COATEPEQUE LAKE, El Salvador – The palms are swaying restlessly in the electric darkness, waiting for the storm to arrive. Lightning flashes over Santa Ana Volcano on the far side of the lake; just a few minutes ago I was walking along the shore with Elmer, catching the last bits of sunset over the lake.
He sensed the storm coming before I did. “Ya viene el agua,” he said. Literally, “Now the water is coming.” The timing couldn’t have been more perfect; rainy season notwithstanding, El Salvador gifted me with a blue sky my first full day in the country, perfect for visiting the pyramids of Tazumal and Casa Blanca, then catching a bus to this sparkling expanse of blue amid the volcanoes.
Yesterday, my first afternoon, the shower passed quickly to a glorious sunset over the gothic cathedral in Santa Ana’s central plaza, and I enjoyed the national symphony in Santa Ana’s spectacular theater before a short walk back to my hotel, La Libertad.
I left Guatemala City around 10 a.m. yesterday and arrived in Santa Ana, El Salvador’s second city, at around 2. The terminal was in the southwest part of the city and as I tried to get my bearings, a genial Salvadoran Archie Bunker type approached. “Taxi?”
It was hot and my pack was heavy. “Sure,” I said.
“Just a minute,” he rushed off and shortly pulled up with a yellow car, meticulously hand-painted with the word “Taxi” in black and red. The inside was just as quirky, with every square inch of the dashboard decorated with something – a Tasmanian devil, a leopard-skin cloth and coins from around the world.
Ismael was his name, and he was friendly and engaging, but not cheap. Our roundabout search for a hotel set me back $15. Getting used to the dollar again wasn’t going to be easy, I realized.
Ismael offered to take me to Lake Coatepeque for $75 – which he insisted was the going rate. Later I checked with another driver and it seemed to be true. So I decided to stick with public transport, and for less than a dollar, the ruins of Chalchuapa and this spectacular crater lake were mine.
Granted, the accommodations weren’t the most luxe – the hikes to the bus stops and the waits with my 40-pound pack being the biggest deterrent – but they weren’t nearly as bad as I’d feared. The routes were long and winding, but there were no chickens this time, and the buses here were not as cram-packed with humanity as the ones in Guatemala had been. In fact, after the Guatemalan chicken buses, they were downright comfortable.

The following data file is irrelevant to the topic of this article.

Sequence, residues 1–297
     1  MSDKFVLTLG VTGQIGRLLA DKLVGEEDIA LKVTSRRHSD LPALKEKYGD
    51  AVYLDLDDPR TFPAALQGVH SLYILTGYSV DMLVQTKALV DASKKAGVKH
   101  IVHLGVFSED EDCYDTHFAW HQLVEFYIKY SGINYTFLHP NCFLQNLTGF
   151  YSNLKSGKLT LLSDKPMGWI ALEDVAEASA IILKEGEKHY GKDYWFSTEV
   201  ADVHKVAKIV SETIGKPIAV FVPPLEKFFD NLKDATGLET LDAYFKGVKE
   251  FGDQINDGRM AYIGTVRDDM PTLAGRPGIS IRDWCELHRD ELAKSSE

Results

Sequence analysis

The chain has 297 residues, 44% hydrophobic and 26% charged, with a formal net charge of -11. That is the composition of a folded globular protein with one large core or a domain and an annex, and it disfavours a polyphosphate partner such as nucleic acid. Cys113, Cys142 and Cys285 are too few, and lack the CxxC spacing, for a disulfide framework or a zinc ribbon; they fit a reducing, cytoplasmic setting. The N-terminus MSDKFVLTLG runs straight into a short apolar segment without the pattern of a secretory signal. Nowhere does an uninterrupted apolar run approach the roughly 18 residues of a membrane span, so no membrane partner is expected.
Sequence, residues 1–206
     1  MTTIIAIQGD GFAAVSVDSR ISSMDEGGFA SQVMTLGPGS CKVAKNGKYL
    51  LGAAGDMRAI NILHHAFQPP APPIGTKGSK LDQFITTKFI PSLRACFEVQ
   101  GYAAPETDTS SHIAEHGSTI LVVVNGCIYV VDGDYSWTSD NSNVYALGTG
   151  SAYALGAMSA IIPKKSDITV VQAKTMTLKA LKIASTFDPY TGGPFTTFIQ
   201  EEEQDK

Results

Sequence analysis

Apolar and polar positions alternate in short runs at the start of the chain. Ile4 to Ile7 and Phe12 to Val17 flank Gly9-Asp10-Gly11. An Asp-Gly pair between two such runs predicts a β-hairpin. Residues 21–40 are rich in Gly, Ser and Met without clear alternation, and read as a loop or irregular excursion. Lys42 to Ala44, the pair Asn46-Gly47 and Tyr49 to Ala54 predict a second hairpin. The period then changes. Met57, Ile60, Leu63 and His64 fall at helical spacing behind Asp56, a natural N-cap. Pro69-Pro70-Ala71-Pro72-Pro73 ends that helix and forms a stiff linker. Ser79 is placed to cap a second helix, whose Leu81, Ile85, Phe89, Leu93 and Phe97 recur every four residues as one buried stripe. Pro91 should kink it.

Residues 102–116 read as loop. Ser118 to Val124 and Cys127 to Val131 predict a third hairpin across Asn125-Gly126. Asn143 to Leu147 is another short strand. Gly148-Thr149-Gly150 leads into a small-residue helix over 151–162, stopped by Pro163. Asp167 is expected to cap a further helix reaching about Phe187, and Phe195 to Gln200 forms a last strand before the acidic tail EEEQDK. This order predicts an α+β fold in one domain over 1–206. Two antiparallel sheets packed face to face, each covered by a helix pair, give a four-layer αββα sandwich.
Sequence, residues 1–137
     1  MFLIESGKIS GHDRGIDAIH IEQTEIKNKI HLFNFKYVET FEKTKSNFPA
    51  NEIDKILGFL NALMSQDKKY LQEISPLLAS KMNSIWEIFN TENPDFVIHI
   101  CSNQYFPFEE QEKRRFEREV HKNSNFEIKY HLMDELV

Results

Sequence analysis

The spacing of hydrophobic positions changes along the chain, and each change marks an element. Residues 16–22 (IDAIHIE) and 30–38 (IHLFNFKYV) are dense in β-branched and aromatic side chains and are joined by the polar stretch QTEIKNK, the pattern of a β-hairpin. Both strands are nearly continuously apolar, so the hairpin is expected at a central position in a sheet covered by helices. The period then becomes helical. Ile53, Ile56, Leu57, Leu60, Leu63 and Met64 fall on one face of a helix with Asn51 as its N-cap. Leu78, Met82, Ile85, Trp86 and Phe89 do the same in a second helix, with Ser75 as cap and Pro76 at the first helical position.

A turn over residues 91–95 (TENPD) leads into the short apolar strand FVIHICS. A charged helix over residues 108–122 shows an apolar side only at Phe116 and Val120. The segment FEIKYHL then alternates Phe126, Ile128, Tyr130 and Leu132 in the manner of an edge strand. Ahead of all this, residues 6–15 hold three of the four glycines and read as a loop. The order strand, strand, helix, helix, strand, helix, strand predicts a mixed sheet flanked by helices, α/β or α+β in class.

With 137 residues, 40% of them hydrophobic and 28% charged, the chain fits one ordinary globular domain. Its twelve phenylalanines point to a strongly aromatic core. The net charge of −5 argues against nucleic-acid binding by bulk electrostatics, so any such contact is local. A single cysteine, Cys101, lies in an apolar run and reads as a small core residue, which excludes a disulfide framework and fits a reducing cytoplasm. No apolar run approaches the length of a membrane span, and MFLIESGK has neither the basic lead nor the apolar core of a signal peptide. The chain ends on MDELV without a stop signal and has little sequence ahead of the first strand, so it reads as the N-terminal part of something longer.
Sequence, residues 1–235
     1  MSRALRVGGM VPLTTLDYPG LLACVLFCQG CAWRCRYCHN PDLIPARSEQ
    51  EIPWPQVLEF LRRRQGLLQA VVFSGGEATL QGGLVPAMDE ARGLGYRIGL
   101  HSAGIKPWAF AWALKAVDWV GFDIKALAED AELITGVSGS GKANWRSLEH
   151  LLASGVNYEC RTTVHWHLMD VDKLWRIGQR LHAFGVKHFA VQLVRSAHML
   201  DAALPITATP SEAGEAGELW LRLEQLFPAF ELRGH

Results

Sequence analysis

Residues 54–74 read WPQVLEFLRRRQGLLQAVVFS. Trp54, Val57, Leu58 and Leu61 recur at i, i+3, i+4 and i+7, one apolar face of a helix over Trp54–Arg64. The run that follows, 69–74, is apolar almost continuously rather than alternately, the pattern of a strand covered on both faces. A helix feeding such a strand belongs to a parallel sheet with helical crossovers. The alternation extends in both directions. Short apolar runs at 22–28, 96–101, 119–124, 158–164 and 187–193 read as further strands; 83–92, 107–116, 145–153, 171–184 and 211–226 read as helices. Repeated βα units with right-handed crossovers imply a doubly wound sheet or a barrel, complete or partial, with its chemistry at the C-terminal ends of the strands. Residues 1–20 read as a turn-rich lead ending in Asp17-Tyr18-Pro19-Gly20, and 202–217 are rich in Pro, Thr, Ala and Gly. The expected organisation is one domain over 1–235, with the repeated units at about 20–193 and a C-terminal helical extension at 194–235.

The food service was excellent, with locals coming aboard to vend everything from fresh fruit to “yuquitas” – corn-wrapped yucca balls. And the stern-looking young man driving the bus down into Coatepeque, the same one that had wired his bus for maximum sound and was blasting Central American rap music when I boarded, surprised me by switching to a gentler tune as we approached the lake and stopping the bus every time I stood to shoot a photo.
At first I thought it was just because of the tumulos, the monstrous tubes of concrete that are used as speed bumps here. But after the fourth or fifth time, I glanced up into the rearview mirror and saw him looking at me. This serious young man was proud of his beautiful country, I realized, and he wanted me to capture it well.
The bus was full when I boarded, and most eyes were averted to avoid having to deal with me and my monster backpack. A young man with a friendly face smiled at me, and that was all I needed. “Here, let me help,” he said, and held my pack on his lap.
Manuel was his name, and he was 26. He was trying to figure out how to get back home to Honduras after being deported from Mexico. He’d been trying to make his way north, but his luck had been bad. He’d nearly drowned crossing the Rio Grande, and had been deported from Las Vegas and San Antonio. Now he had been deported to the border of El Salvador, penniless, a five-day walk from the Honduras border. His pantomime of the terrifying river crossing was comical, and he smiled through most of his story, as if he were talking about a movie with a happy ending.